Why do men rape?
“One in four women will be raped. Only 10% will report it. The other 90% will take refuge in silence. 50% of these be cause the perpetrator is a family member or someone they know. The other half think they won’t be believed. And they won’t be believed.” – Ines Hercovich
Why didn’t she call for help?
Why does she stay?
How could she go home with him?
Why would she wear them clothes?
She shouldn’t have drunk so much.
She should have said no again.
She should have struggled more.
She shouldn’t have left her friends.
What do you expect?
All the above is called victim blaming which happens so often and in so many contexts that when someone is raped they themselves question whether they were raped or just simply ‘asking for it’.
The world teaches us that we’ve done something wrong. We’re shamed and blamed in to thinking it’s our own fault. We should not be carrying the burden of their actions by ourselves. 90% of us should be given more of a chance.
A situation that is so common, yet almost completely silenced.
A situation where I think I drank too much.
I made a mistake.
I should have tried harder.
A situation caused by greed, power and privilege.
A situation involving not me, just my body.
A situation caused by someone else.
A situation where the only thing that could have stopped me from being raped that night is the person that raped me.
However, not all rapists are monsters. And not all victims are damaged. In fact, what is damaging are these labels. These labels do not explain what makes an everyday man lose his humanity for minutes of self-centred pleasure and control. Rapists, abusers and violators are not devils crawling in and out of black holes reaching out to our bodies with one aim in life. They walk the streets with us, sit in our classrooms, they’re our bosses, our boyfriends, they’re everywhere.
Which is why, to stop violence against women, girls, and everyone else in fact, we need to shift the focus from women and girls and bring men into the conversation. Men need to be part of this movement, and men need to be the main leaders of this fight because it’s men that are being failed at some point, in a society that leads them to believe they have privilege and control over someone else’s body on a scary scale that has been happening today and for years and years and years.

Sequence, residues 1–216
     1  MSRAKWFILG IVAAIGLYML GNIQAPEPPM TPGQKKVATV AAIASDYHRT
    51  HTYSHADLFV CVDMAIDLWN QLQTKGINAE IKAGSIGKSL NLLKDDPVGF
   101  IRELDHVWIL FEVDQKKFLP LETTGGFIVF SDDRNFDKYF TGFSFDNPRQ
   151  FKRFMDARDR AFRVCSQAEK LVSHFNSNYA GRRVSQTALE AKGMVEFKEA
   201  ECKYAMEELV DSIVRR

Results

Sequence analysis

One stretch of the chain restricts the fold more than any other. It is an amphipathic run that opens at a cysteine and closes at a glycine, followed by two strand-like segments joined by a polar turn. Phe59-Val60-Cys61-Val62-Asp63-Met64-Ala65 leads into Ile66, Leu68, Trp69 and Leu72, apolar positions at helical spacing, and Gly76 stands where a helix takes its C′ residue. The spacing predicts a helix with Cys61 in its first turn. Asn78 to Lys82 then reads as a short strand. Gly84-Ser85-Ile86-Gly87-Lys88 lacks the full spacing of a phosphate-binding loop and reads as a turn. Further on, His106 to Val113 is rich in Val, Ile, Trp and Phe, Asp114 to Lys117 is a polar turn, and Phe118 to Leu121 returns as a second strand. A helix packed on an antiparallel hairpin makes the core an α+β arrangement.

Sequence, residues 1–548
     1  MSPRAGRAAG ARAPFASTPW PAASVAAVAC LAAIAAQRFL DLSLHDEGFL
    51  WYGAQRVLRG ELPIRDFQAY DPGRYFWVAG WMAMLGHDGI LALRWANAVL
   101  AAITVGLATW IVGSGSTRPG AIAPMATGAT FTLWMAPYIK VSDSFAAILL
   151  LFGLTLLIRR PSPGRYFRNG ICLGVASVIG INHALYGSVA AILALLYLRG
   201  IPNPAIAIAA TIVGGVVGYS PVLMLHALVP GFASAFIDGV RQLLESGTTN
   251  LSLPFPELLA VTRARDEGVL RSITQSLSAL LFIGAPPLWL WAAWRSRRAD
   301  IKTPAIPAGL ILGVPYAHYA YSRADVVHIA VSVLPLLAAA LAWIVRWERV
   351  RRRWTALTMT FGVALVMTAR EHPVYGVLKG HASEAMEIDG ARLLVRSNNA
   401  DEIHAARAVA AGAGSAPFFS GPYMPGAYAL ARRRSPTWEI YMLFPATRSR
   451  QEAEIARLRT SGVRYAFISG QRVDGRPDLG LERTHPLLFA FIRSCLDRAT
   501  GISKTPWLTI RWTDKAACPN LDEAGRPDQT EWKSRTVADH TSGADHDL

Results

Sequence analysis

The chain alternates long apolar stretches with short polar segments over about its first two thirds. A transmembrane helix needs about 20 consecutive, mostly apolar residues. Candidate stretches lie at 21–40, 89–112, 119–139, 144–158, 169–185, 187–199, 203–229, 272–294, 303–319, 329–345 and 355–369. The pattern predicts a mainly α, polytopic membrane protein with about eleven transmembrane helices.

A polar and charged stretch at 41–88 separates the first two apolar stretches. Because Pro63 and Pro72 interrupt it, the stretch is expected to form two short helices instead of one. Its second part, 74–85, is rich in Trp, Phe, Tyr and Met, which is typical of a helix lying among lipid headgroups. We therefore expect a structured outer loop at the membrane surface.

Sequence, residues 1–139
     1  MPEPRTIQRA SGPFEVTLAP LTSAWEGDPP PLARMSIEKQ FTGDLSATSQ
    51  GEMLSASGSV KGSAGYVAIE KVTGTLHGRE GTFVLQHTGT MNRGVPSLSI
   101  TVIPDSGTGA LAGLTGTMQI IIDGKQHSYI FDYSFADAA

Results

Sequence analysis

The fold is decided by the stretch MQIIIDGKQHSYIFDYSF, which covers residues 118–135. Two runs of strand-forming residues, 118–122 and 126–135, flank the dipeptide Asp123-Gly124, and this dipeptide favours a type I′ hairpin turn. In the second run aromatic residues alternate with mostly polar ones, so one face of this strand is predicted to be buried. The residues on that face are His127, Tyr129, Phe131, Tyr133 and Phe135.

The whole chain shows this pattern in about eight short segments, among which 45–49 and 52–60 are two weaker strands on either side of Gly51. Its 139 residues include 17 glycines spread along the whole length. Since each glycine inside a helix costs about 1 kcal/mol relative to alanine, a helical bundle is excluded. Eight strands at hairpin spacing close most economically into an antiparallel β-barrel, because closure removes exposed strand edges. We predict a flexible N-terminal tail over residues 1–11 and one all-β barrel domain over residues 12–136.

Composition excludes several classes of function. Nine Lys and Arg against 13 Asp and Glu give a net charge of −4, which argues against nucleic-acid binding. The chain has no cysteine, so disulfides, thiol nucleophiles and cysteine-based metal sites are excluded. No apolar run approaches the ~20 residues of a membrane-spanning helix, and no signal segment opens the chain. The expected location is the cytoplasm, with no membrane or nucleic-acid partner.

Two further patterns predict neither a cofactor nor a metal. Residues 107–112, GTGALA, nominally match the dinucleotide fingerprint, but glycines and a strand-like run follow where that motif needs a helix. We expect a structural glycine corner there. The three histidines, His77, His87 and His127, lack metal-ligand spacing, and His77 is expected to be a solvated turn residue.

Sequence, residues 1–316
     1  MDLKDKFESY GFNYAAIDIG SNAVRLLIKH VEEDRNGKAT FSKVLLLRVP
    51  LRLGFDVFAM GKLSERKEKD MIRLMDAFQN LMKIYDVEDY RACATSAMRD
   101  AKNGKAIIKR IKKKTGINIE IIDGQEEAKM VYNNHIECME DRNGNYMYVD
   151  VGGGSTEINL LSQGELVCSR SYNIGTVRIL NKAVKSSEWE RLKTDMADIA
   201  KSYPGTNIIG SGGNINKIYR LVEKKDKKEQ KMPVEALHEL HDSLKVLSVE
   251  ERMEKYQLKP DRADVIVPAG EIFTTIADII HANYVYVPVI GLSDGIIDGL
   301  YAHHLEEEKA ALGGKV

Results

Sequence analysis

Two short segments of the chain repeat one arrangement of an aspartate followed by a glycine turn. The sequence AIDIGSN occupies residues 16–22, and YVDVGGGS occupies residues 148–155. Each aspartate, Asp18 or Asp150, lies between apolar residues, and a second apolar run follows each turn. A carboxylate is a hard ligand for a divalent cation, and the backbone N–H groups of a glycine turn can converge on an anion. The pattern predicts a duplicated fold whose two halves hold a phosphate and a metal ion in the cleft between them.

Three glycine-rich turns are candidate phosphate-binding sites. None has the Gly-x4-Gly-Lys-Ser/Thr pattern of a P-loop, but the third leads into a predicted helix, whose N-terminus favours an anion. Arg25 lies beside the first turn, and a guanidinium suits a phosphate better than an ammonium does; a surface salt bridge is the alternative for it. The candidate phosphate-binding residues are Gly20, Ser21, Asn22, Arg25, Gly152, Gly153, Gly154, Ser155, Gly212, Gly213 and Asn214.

A situation that goes beyond borders, race, religion and status.
It is our job to speak up for the women and girls who are unable. Women and girls who can’t find the strength or are not ready to share their story. Women and girls who live in place where their lives will be in even more danger for saying the words ‘he raped me’.
But men and boys also need to be encouraged to speak up and say ‘I raped her’ in order to change societies blame game, and in order to understand better, in a humane and safer perspective, why men are the solutions and fully responsible for this inhumane global pandemic.
Our voices matter. Our words can create change. But we need all voices, not just the survivors, and not just women. Each story involves two people. We need to create questions for him, and conversation for her. And we need to give both a space in which we can address this global issue, so that his son does not make the same mistake to her daughter, so we can create a safe world for everyone and our futures.
So, let’s change the questions;
Why does he hit her?
Why is domestic violence a global issue?
Why are men the main perpetrators to all children, women and other men?
“Why do so many men abuse physically, emotionally, sexually, verbally the women and kids that they claim to love?
What’s going on with men?
Why is this a common problem in society?
Why do we hear over and over again about new scandals erupting in major institutions like the Catholic Church or the Penn State football program or the Boy Scouts of America, on and on and on?
What’s going on with men?” – Jackson Katz: Violence against women — it’s a men’s issue
This is not a battle or about girls vs boys. We’re all producing this culture and behaviour and we all suffer as a result. How are we all going to stop it?
Let’s talk. Let’s challenge. Let’s end it for all of us.
Hoping for the best,
p.s this is just 745 words, this is not my whole scope or thoughts or words on the issues surrounding gender, men, women, society, sexual abuse and violence. I want this to be something positive and to create something positive from something that is so disturbingly negative, personal and common. I don’t claim to have all the answers and everyone deals with things differently, but this is just 745 words and for some that’s brave, and a start, and it might just help someone’s life, so let’s hope for change, take care of each other and just be nice.
Below is a list of things I’ve read, watched and resources for anyone who is interested in learning and understanding more about one of our world’s biggest and ongoing problems;
- Meera Vijayann: Find your voice against gender violence
- Thordis Elva and Tom Stranger: Our story of rape and reconciliation
- Ines Hercovich: Why women stay silent after sexual assault
And you can find these on Netflix:
- The Hunting Ground
- Audrie & Daisy
And these are some of my other related blogs:
If anyone has any good resources, website links, blog posts or books then please share!
Vanisha May is a criminology and sociology graduate from London. She has a passion for international development and issues related to education, crisis for refugees, conflict and gender inequalities. Her dream is to travel the world while understanding, learning and resolving inequalities faced for the affected people across the globe.